TABLE I______________________________________ANTICONVULSANT ACTIVITY (PHASE I)OF SOME COPPER COMPLEXES OF ACYLSALICYLATES                         Maximal        %                Electro-COMPLEX      Copper  Route    shock  Metrazol______________________________________Cu(II)2 (adamantyl-        9       .sup. SC1                         I2                                A3 at 30salicylate)4                    and 300                                mg/kg at                                30 min.Cu(II)2 (acetyl-        15      SC       I      A at 100salicylate)4                    and 300                                mg/kg at                                30 min.                                and 6                                hrs.; A                                at 30,                                100 and                                300 mg/kg                                at 8 hrs.Cu(II)       11      SC       I      A at 300(acetylsalicylate)2             mg/kg at(dimethylsulfoxide)2            30 min.;                                A at 100                                mg/kg at                                4 hrs.Cu(II)       11      SC       I      A at 300(acetylsalicylate)2             mg/kg at(pyridine)2                     30 min.;                                A at 100                                and 300                                mg/kg at                                4 hrs.Cu(II)2 (3,5-dibromo-        8.6     IP       A at 100                                A at 100acetylsalicylate)4       mg/kg at                                mg/kg at                         4 hrs. 30 min.                SC       A at 300                                I                         mg/kg at                         4 hrs.Cu(II)2 (3,5-diiodo-        6.8     IP       I      A at 100acetylsalicylate)4              mg/kg at(H2 O)6                    30 min.                                and 4 hrs.                SC       A at 300                                A at 300                         mg/kg at                                mg/kg at                         4 hrs. 4 hrs.                .sup. SC4                         Not    A at 105                         tested mg/kg at                                30 min.______________________________________ 1 SC = Subcutaneous. 2 Inactive at doses studied. 3 Activity at doses and times indicated. 4 Phase II data.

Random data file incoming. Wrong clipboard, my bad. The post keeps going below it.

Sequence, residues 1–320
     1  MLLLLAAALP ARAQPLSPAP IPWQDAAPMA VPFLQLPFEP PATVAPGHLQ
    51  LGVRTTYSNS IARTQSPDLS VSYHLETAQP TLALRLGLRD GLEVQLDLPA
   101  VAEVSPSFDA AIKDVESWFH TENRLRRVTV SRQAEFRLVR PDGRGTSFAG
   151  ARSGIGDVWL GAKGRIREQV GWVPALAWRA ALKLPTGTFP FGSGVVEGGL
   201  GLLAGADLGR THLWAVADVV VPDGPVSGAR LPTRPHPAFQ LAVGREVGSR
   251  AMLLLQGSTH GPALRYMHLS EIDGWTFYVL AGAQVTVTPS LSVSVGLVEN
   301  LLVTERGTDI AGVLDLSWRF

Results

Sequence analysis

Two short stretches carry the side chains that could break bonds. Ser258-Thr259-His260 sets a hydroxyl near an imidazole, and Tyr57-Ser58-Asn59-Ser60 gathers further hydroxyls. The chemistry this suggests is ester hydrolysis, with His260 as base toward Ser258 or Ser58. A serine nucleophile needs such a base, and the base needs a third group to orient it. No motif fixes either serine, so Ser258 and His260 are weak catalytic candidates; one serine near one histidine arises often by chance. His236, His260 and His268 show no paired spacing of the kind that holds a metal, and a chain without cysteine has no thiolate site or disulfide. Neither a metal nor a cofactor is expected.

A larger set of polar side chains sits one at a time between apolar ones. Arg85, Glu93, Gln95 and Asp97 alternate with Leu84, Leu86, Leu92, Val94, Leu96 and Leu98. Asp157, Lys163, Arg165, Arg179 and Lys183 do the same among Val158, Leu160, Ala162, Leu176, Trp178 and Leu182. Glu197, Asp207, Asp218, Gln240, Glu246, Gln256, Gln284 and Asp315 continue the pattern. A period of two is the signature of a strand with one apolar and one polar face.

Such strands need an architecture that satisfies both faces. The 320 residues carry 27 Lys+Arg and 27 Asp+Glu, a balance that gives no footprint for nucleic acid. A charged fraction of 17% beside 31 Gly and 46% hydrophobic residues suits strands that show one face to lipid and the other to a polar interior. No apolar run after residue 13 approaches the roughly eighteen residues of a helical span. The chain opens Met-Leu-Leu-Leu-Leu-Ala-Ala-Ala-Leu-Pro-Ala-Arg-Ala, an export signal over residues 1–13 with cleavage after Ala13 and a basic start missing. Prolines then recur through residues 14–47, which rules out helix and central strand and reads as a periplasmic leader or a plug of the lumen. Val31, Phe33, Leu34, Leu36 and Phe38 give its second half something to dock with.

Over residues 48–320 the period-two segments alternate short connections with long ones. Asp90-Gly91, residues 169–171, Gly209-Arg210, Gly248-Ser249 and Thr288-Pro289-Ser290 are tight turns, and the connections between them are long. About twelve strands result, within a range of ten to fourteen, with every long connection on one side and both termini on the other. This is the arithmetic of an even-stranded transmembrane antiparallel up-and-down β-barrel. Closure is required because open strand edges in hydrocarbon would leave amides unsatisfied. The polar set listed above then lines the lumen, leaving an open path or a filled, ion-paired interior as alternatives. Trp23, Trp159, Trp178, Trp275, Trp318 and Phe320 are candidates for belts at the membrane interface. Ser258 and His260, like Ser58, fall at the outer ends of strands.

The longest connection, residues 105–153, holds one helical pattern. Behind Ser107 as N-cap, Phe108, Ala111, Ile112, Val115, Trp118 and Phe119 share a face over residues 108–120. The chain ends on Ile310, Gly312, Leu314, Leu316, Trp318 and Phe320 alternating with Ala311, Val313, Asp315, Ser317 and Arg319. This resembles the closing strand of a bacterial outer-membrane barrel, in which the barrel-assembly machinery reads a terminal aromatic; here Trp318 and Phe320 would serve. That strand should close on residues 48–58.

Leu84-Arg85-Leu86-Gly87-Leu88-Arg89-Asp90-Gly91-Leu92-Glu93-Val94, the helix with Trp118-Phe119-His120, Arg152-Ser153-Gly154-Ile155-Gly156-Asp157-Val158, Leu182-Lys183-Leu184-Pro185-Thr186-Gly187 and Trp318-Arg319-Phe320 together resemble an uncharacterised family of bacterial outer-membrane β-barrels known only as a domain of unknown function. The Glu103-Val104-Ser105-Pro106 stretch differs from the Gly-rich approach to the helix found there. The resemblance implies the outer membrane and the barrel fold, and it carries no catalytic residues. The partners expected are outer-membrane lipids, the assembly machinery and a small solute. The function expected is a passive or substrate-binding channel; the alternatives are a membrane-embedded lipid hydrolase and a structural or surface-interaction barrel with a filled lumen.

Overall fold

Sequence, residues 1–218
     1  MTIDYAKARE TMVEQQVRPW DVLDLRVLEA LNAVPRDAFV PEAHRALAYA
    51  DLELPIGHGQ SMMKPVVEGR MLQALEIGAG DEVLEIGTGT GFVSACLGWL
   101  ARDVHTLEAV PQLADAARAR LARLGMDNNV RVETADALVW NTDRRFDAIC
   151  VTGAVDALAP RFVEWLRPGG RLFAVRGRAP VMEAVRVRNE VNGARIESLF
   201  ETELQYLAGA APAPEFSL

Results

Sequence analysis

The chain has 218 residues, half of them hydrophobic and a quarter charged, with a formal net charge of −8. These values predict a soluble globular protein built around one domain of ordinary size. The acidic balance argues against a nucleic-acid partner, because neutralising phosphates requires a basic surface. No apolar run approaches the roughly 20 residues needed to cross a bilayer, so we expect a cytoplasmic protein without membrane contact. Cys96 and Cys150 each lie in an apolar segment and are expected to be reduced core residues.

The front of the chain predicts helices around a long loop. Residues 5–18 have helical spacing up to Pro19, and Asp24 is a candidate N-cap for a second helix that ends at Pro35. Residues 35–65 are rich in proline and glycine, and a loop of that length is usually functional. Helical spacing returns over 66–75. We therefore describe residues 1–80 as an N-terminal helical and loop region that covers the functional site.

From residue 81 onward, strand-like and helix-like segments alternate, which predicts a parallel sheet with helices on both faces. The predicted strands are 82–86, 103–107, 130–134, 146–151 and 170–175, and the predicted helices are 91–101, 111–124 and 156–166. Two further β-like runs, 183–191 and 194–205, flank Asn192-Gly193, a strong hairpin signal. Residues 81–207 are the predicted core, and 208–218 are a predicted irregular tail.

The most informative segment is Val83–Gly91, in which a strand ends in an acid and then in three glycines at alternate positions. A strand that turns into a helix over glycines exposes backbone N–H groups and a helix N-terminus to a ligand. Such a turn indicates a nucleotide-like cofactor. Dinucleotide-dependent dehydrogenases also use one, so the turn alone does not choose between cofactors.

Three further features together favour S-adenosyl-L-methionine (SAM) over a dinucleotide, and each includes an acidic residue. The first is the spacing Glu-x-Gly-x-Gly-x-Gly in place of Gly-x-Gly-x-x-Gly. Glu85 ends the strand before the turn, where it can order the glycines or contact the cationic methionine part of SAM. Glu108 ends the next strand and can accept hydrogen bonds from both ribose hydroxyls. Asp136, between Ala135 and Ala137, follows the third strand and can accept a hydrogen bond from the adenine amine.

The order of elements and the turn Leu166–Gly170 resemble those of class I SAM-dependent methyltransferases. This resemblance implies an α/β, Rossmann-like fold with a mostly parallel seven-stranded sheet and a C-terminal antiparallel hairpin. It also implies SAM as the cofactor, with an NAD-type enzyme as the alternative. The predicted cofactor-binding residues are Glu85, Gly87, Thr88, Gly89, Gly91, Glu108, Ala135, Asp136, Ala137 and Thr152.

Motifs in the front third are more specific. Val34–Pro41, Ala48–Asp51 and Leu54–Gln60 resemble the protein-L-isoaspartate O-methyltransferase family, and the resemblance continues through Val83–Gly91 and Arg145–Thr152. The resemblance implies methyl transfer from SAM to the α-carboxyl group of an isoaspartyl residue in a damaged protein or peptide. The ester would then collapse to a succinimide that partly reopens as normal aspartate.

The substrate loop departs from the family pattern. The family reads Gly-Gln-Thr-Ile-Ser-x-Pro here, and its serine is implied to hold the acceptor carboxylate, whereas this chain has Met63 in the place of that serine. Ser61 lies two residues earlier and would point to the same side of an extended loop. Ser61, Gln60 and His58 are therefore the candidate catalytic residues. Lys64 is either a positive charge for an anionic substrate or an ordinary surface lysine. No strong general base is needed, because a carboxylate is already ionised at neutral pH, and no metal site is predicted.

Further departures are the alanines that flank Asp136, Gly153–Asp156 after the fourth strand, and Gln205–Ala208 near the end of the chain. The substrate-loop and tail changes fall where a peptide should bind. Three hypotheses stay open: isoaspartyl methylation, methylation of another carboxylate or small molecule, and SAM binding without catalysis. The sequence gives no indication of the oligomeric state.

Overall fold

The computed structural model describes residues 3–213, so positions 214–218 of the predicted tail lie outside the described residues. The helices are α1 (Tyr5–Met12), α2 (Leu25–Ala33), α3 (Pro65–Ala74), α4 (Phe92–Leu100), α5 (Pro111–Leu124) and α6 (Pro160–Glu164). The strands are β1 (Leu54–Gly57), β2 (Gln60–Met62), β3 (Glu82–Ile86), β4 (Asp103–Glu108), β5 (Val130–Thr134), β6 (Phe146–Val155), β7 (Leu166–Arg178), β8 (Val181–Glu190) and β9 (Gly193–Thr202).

Cu(II)2 (adamantylsalicylate)4 was found to have anticonvulsant activity at 30 minutes following subcutaneous injection at 30 and 300 mg/kg. Cu(II)2 (acetylsalicylate)4 [alternatively called copper aspirinate or Cu(II)2 (aspirinate)4 ] was found to have activity at 30 minutes, 6 hours and 8 hours following subcutaneous injection of the entire range of doses studied. The dimethylsulfoxide and pyridine solvates of Cu(II)(acetylsalicylate)2 were found to be effective at the higher doses studied at 30 minutes and 4 hours. None of these complexes was found to have rotating rod toxicity at any of the doses or times studied following subcutaneous injection. Cu(II)2 (3,5-dibromoacetylsalicylate)4 and Cu(II)2 (3,5-diiodoacetylsalicylate)4 were also effective in protecting against both models of seizure.

COPPER COMPLEXES OF SALICYLATES ##STR2##

A group of copper complexes of salicylates with the generic structures shown schematically by structures III and IV (where R" and L represent the same groups, substituents, and ligands described for Structures I and II) were also evaluated for their anticonvulsant activity. The nonsolvated form of copper complexes of salicylates, i.e., in the absence of L, exhibits a mononuclear configuration as in Structure III. When L is present, the copper complex can exist in either the mononuclear configuration of Structure III or the binuclear configuration of Structure IV depending on the affinity of L for copper.